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nickname and has
One well-known association the town has is with the ' Accrington Pals ', the nickname given to the smallest home town battalion of volunteers formed to fight in the first world war.
For years many sources have listed " Pilgrims " as the early Boston AL team's official nickname, but researcher Bill Nowlin has demonstrated that the name was barely used, if at all, during the team's early years.
A user often has a user account and is identified by a username ( also user name ), screen name ( also screenname ), nickname ( also nick ), or handle, which is derived from the identical Citizen's Band radio term.
Among some amateur astronomers, NGC 246 has garnered the nickname " Pac-Man Nebula " because of the arrangement of its central stars and the surrounding star field.
Since then it has been eroding, creating dramatic incised valleys, and providing the sediment that gives the Yellow River its yellow color and that causes the flooding of the river in the lower reaches ( hence the river's nickname ' China's sorrow ').
The story of Æthelred's notorious nickname, " Æthelred the Unready ", from Old English Æþelræd Unræd, goes a long way toward explaining how his reputation has declined through history.
She has blue eyes like Gerald O ' Hara and Melanie gives her the nickname, " Bonnie Blue ," in reference to the Bonnie Blue Flag of the Confederacy.
Idaho's nickname is the " Gem State ", because nearly every known type of gemstone has been found here.
It has earned the praise of Pope Benedict XVI and the nickname " The Pope's Favorite Rabbi ".
During this time, he picked up the nickname " Black Jack ", which has been variously attributed to his dark hair and stubble, to his " ruthless " approach on the track, and to his " propensity for maintaining a shadowy silence ".
Because they were marked with the letter K ( for Voronezh Komintern Factory ), Red Army troops adopted a nickname from Mikhail Isakovsky's popular wartime song, " Katyusha ", about a girl longing for her absent beloved, who has gone away on military service.
Many assume his nickname is derived from KIBO, the acronym for Knowledge In, Bullshit Out, although Parry himself has repeatedly denied this.
The legendary monster has been affectionately referred to by the nickname Nessie () since the 1950s.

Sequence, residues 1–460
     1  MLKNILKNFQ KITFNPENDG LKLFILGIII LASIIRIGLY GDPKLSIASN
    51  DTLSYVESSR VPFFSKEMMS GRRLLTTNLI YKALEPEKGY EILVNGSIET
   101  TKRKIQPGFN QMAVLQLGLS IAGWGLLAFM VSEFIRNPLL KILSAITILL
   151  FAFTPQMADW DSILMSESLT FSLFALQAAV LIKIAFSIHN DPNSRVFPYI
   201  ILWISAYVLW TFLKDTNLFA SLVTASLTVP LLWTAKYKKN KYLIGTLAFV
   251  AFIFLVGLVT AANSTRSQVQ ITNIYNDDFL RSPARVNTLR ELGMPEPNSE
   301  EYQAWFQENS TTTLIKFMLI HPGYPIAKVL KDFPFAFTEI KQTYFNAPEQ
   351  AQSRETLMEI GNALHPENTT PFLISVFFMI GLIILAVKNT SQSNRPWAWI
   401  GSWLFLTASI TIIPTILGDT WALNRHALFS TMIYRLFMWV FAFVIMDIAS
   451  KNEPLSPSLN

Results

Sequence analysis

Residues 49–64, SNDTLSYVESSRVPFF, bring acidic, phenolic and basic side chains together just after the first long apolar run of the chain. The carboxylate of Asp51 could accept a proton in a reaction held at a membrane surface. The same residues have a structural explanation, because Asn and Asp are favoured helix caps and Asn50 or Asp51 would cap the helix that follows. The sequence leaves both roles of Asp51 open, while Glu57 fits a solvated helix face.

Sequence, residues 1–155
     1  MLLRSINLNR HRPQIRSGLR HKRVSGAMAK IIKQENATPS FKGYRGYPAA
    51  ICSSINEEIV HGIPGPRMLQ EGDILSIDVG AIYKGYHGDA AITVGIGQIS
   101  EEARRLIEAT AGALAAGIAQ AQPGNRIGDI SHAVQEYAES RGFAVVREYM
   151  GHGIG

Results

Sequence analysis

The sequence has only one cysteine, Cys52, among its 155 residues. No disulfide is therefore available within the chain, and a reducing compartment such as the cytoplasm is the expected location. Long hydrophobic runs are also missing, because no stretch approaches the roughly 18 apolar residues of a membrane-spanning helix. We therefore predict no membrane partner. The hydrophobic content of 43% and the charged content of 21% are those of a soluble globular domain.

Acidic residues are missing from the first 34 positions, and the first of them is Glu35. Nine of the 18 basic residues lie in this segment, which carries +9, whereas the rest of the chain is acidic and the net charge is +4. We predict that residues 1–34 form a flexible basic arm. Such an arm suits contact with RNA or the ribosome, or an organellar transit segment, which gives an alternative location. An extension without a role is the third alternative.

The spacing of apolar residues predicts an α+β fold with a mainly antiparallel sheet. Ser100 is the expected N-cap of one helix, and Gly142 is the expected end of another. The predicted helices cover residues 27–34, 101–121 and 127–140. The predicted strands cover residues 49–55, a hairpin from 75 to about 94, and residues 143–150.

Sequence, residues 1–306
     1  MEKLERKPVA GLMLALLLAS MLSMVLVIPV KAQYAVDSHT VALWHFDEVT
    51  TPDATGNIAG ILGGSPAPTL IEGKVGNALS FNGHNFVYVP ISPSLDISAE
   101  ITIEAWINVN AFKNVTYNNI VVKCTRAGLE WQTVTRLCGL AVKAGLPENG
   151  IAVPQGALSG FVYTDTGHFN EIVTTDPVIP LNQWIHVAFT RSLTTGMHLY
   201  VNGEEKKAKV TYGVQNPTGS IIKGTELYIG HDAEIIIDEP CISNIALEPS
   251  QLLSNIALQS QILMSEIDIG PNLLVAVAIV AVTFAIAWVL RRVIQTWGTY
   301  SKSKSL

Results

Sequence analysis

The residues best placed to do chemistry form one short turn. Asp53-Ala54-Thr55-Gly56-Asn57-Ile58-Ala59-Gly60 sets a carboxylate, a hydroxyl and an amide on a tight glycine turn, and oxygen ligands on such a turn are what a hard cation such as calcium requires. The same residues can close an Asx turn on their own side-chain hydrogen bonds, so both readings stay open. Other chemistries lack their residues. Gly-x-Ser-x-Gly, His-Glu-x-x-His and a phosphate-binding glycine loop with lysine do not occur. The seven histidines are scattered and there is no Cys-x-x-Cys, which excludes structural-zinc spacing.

While the term " Mormon Church " has long been attached to the church as a nickname, it is an unauthorized title, and the Church's style guide says, " Please avoid the use of ' Mormon Church ', ' LDS Church ' or the ' Church of the Latter-day Saints.
The city has gained the nickname " Hub City " because of its central location and also because Moncton has historically been the railway and land transportation hub for the Maritimes.
Egypt became occupied by Muslim Arabs as early as 640, and since then so many mosques have appeared throughout the country that its capital city, Cairo, has acquired the nickname of city of a thousand minarets.
The nickname " A's " has long been used interchangeably with " Athletics ," dating to the team's early days when headline writers wanted a way to shorten the name.
The brand name Gramophone was not used in the USA after 1901, and the word fell out of use there, though it has survived in its nickname form, Grammy, as the title of the Grammy Awards.
Rhode Island's official nickname is " The Ocean State ," a reference to the State's geography, since Rhode Island has several large bays and inlets that amount to about 14 % of its total area.
This has earned him the nickname of " the one-man film crew.
A Scandinavian origin has been proposed ( compare, for example, Norwegian slengenamn, which means " nickname "), but is discounted by the Oxford English Dictionary based on " date and early associations ".
This later design has gained the nickname " Series 3-4 Sonic " ( relating to the fact that at the start of Series 3, in " Smith and Jones ", the first Sonic Screwdriver was supposedly destroyed ), even though strictly speaking it first appeared in Series 4.
The event earned Christian II the nickname of Kristian Tyrann in Sweden which he has retained till this day.

nickname and alternatively
These became the homes of civil servants, officers, bankers, artists and politicians among others, and earned the area the nickname " Millionaires ' Quarter " although its official designation was Friedrichvorstadt ( Friedrich's Suburb ), or alternatively the Tiergartenviertel ( Tiergarten Quarter ).